By Tom Lounsbury.
When April arrives I automatically develop a case of “wild turkey fever”, an annual spring malady that has been afflicting me for almost 50 years now. I find myself habitually sorting out turkey hunting gear, practicing with various turkey calls (when I do this indoors it eventually nets a rather blunt complaint from my wife) and patterning my turkey shotguns, of which I have a few favorites, at my backyard shooting range.
Although I already know how each shotgun patterns, I need to assure that I am still in tune with them, and I practice shooting from various sitting positions that I would use in the field, as well as I practice “switch-hitting” (being right-handed, I also practice shooting left-handed and by partially closing my right dominant eye, my left non-dominant eye takes over for aiming). Turkey gobblers can suddenly appear in range from the least expected direction, and switch-hitting has allowed me to successfully bag gobblers I might otherwise not have had a shooting opportunity at due to the awkward and “wrong side” angle.
Patterning a particular shotgun and the selected load that is going to be used for turkey hunting is actually quite crucial and is very similar to sighting in a rifle for big game hunting. The key being that the center of the shotgun’s pattern properly entails the critical head/neck area of life-sized turkey targets (which are readily available these days). This is done at various yardages to confirm the actual range effectiveness of the shotgun and its particular load that is going to be used in the field. For a fact, any shotgun can be used for turkey hunting as long as the user fully understands the strengths and weaknesses of that particular shotgun (and load) and has confidence in it. I know several instances of youth hunters using a petite .410 bore to drop large turkey gobblers dead in their tracks.
A favorite turkey shotgun of mine I’ve used for many years is an AYA 12 ga side by side double barrel, with a right modified choke barrel and a left full choke barrel, and each barrel has bagged gobblers, with the modified barrel bagging the most (this shotgun was too shiny and “pretty” for the turkey woods, so I painted it olive drab green). It is chambered for only two and three quarter inch shells, with my favorite being Winchester (ounce and a half) copper-plated lead number fives. This is actually my favorite pheasant hunting combination which does equally well for putting tough and tenacious gobblers down for the count.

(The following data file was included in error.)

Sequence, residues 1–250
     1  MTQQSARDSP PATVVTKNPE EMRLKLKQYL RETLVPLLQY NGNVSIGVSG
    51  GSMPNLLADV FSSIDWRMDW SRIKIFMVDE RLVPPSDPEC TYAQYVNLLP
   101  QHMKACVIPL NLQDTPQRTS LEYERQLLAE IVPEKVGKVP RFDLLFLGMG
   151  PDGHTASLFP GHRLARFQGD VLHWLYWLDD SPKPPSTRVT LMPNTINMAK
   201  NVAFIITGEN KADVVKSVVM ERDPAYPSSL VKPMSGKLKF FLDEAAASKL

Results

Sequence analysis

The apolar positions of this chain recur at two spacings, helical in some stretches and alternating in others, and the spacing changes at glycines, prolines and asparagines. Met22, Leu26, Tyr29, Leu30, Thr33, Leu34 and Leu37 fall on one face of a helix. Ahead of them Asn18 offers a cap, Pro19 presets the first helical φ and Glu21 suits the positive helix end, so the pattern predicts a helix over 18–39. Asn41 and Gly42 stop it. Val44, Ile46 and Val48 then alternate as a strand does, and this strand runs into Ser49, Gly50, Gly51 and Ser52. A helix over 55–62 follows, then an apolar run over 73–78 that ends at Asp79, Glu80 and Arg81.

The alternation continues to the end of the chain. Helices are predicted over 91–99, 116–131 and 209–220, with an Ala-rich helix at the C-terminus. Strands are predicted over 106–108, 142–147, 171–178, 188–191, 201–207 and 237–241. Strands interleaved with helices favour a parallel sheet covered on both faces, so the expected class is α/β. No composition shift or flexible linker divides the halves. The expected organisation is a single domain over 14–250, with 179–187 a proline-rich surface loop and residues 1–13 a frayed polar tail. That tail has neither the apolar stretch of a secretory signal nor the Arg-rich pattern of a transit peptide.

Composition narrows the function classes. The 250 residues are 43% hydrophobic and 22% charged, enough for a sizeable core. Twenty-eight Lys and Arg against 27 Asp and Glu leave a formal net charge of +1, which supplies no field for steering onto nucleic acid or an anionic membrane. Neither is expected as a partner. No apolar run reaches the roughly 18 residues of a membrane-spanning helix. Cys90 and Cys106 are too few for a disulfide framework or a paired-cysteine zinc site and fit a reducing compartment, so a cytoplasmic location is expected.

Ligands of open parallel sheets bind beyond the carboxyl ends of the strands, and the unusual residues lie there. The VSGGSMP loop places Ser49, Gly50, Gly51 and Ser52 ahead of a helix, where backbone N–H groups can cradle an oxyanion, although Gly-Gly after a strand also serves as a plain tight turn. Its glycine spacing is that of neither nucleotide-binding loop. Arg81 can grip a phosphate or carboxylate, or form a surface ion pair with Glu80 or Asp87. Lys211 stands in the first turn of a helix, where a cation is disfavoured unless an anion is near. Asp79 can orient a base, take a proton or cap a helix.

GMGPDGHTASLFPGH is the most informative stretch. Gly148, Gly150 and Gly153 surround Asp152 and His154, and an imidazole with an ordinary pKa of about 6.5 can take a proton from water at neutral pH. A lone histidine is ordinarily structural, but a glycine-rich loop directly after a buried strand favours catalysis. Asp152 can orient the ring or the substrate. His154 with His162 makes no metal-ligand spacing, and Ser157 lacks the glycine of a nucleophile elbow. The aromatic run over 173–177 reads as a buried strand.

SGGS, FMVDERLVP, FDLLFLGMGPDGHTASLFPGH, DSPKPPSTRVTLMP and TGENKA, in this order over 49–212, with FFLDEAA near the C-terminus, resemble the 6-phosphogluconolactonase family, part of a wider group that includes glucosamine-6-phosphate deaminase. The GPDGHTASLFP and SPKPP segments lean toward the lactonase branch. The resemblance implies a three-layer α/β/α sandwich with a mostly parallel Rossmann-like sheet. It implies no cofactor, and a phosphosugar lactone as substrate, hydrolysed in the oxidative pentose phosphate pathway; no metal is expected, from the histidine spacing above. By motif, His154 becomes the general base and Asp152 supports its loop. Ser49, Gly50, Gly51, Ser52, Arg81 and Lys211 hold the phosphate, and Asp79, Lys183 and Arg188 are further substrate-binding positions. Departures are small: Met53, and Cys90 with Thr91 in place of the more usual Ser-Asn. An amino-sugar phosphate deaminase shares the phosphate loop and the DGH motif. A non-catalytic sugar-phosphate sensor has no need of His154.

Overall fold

What has always worked for me is what I call the “30 yard rule”, which means I never try for a shot at a gobbler unless it is very near or inside of 30 yards (my longest kill-shot thus far is 32 yards, with the majority of birds being taken at well under 30 yards). My goal is to call the gobbler in as close as possible (a very thrilling process) and I always aim at the turkey’s neck where the feathers join flesh, thus I am fully utilizing the shotgun’s pattern to also entail the head. This 30 yard rule eliminates any “ifs” and helps to avoid wounding turkeys, which can readily happen when birds are out there a bit at “guesstimated” longer ranges.
Truthfully, there is fantastic turkey ammunition available today (the best ever), and outstanding “turkey chokes” which when combined offer amazing long range performance, and in excess of 50 yards. It does however ethically require the turkey hunter to fully understand the shotgun and load performance at those longer ranges, and be able to accurately gauge those yardages. Specialized turkey ammunition can also be costly, as I’ve seen some that were as much as $5 a shell. However, being old school, I’ll stick to my 30 yard rule and truly love the challenge of calling gobblers in close, no matter what ammunition/choke combination I’m using.
My most spectacular miss was on a gobbler that was actually “too close”, being less than 10 yards away when he silently and suddenly stepped into view. I was using my 20 ga Remington 870 pump-gun fitted with a super tight turkey choke, and stoked with potent 3 inch turkey loads (trust me folks, today’s turkey shotgun chokes and turkey loads maintain very tight patterns as is advertised). It was a dandy gobbler and he became immediately suspicious about the large “lump” sitting at the base of a tree, and he was bobbing his head and neck around for a better sight angle, and my tight shot-charge completely missed him. This is when a more open choke would have been preferable, and the gobbler had speedily whirled in a blur and disappeared before I could rack in another round. Needless to say I had abruptly changed his attitude for the moment anyway, of wooing any lonesome hen turkeys (encounters like this go a long way in educating surviving gobblers and I’ve known some pretty “hunter-wise” birds that were very difficult to hunt).